Our Twitter follows and engagement are way, way up. Others have had a major head start on us there, so be sure to follow us if you’re not. Twitter matters, whether we like it or not. Follow us on LinkedIn, too. Smart people are there!
We now have to pat ourselves on the back for a sec, just to make sure you know how very worthwhile it is for you to subscribe to us. We have to make a living from this thing, and our rates our pretty low for what we offer (with only one complaint from a disgruntled non-subscriber on social media to date), and we don’t see other outlets offering what we do. They either aren’t connected; they don’t want to be connected; they don’t know how to be connected; or there’s something else they’re not telling you. We’ll tell you. If you can afford a subscription, pay for one. If you have time to comment, please do share your knowledge. If you can only afford our free work, then send us tips. Tips help us to write better stories that help other people subscribe. And tips lead to scoops. All of it keeps us growing and independent and able to tell stories that no one else in the world is telling (even though they ought to be). Our scoops, this month alone:
Secretary of Transportation Pete Buttigieg sat down for an exclusive Indigenous Wire interview on $13 billion in tribal infrastructure funding. He made news. Read it here.
U.S. Rep. Dusty Johnson, likewise. He speaks a few words of Lakota, and he’s smarter on Indian issues than a lot of other federal legislators we’ve spoken with.
The Illinois DNR played shenanigans on Aztec Indians and didn’t want to explain why.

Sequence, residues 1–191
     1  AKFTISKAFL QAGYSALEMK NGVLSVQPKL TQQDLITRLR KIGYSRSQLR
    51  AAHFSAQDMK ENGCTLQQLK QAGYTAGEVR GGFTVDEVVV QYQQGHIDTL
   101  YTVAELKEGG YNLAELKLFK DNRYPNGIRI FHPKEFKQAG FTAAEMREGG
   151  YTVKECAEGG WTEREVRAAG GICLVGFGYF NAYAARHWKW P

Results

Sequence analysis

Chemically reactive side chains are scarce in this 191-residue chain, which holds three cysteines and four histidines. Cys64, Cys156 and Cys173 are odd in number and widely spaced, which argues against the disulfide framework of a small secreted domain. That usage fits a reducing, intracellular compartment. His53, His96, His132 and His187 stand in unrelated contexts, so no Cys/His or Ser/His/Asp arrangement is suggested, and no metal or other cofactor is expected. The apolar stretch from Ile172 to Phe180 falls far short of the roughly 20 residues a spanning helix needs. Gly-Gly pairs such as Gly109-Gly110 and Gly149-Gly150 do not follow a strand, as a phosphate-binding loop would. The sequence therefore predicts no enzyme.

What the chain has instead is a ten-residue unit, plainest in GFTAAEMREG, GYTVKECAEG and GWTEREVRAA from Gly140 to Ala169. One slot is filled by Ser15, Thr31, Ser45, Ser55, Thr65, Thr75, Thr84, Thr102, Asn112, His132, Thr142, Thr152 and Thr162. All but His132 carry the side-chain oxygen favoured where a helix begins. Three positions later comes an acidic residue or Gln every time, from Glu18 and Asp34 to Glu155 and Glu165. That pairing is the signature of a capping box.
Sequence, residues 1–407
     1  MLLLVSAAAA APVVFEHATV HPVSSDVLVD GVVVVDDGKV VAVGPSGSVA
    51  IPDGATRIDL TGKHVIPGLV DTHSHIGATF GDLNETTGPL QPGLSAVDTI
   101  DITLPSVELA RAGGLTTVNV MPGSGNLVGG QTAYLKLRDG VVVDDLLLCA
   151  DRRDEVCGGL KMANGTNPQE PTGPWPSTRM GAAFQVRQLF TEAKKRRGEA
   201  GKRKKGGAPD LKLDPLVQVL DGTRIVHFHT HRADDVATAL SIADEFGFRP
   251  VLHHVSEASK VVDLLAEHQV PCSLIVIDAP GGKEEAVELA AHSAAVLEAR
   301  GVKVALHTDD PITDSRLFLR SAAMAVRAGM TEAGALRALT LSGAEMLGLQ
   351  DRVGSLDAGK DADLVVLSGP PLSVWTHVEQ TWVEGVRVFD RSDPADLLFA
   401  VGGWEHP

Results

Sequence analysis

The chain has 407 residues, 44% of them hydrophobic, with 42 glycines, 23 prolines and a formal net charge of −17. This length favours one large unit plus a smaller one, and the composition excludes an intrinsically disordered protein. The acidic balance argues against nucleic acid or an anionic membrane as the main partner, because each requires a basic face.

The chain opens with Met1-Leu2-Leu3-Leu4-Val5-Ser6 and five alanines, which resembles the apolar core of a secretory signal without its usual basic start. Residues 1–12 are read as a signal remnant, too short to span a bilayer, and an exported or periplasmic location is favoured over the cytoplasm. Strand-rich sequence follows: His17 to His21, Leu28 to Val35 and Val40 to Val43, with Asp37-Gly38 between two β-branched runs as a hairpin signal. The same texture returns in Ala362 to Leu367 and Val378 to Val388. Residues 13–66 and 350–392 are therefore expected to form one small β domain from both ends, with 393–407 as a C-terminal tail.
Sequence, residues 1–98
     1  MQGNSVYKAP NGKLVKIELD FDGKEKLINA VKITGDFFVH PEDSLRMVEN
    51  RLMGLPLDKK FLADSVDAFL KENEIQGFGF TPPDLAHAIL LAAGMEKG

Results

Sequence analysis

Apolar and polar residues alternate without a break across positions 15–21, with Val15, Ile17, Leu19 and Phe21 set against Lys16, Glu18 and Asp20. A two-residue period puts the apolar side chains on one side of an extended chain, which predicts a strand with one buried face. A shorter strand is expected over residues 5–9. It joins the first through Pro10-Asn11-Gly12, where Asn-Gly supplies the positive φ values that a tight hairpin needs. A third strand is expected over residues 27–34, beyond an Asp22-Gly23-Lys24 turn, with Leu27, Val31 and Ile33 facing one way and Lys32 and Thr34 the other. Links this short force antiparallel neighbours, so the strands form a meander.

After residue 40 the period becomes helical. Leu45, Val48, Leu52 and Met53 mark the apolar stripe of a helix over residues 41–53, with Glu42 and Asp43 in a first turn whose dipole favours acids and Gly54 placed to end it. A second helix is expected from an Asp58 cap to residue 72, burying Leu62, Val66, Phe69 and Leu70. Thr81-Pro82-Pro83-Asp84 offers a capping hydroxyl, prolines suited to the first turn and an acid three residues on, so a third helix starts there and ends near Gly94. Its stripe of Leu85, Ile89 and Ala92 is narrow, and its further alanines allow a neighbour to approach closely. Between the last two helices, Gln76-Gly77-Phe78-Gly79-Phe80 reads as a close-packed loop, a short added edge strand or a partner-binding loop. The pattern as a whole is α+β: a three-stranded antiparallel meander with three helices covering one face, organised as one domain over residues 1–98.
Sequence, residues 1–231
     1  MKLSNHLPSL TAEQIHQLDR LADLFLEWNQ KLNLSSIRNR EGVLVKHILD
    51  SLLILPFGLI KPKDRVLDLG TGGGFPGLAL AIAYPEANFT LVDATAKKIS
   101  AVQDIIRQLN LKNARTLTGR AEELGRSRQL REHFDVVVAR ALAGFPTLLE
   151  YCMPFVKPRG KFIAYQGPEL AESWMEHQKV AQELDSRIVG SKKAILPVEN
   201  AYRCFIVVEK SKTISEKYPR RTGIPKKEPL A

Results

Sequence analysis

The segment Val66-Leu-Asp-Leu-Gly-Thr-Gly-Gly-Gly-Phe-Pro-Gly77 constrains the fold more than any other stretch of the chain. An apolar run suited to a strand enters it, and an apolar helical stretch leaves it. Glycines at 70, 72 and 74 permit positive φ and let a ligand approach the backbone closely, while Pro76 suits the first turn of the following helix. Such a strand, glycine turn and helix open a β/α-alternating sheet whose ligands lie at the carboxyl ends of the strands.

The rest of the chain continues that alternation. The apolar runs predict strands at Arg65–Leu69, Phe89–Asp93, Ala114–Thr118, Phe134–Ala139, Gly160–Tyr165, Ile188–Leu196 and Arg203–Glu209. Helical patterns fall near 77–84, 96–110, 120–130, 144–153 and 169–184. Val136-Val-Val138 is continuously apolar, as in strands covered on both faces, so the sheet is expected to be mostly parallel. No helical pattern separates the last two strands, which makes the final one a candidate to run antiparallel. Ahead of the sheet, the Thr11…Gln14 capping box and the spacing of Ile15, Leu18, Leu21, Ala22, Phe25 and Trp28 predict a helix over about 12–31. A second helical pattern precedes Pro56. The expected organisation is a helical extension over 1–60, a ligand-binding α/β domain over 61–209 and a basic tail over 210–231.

The International Women’s Media Foundation canceled a $10 million program meant to strengthen Native journalism coverage of Murdered and Missing Indigenous Women. They won’t explain how they’re retooling the fund.
The Biden administration said it didn’t have time to do consultation with tribes re: the vaccine mandate for big businesses. Tribes are not happy.
We did a second story on that, with tribes still angry even after the Supreme Court blocked the mandate. There’s good reason, read why here.
The Catawba Nation defended Senate Majority Leader Chuck Schumer’s inclusion of the tribe’s off-reservation casino in the defense appropriations bill.
The GOP launched a campaign ground game plan in Indian Country for the 2022 midterms. The DNC is intensely watching, and we are watching them, too.
Finally, a lot of miigwetch (THANK YOU) from us is in order:
To Vanessa Bowen, of Bowen Creative, whose Albuquerque-based firm strives to “amplify and empower BIPOC communities through art design and technology.” The Navajo artist and her team created our small sweetgrass-inspired logo, our cover logo, our newsletter heading image and gave general design input, all making this feel much more like a Native-friendly place. We’d love the design of the entire site to be even more circle-based in the future, so look for that to happen one day. Bowen, famous for her line of apparel featuring the “Make America Native Again” logo is a delight. Easy to work with, even during the busiest times in life, we highly recommend her.